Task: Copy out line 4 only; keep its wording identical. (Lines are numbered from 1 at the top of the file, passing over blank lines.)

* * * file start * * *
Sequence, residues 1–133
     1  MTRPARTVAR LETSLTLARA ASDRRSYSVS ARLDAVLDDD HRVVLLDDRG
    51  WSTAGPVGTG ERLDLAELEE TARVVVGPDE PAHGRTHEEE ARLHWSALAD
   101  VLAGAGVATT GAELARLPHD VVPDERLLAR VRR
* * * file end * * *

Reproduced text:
   101  VLAGAGVATT GAELARLPHD VVPDERLLAR VRR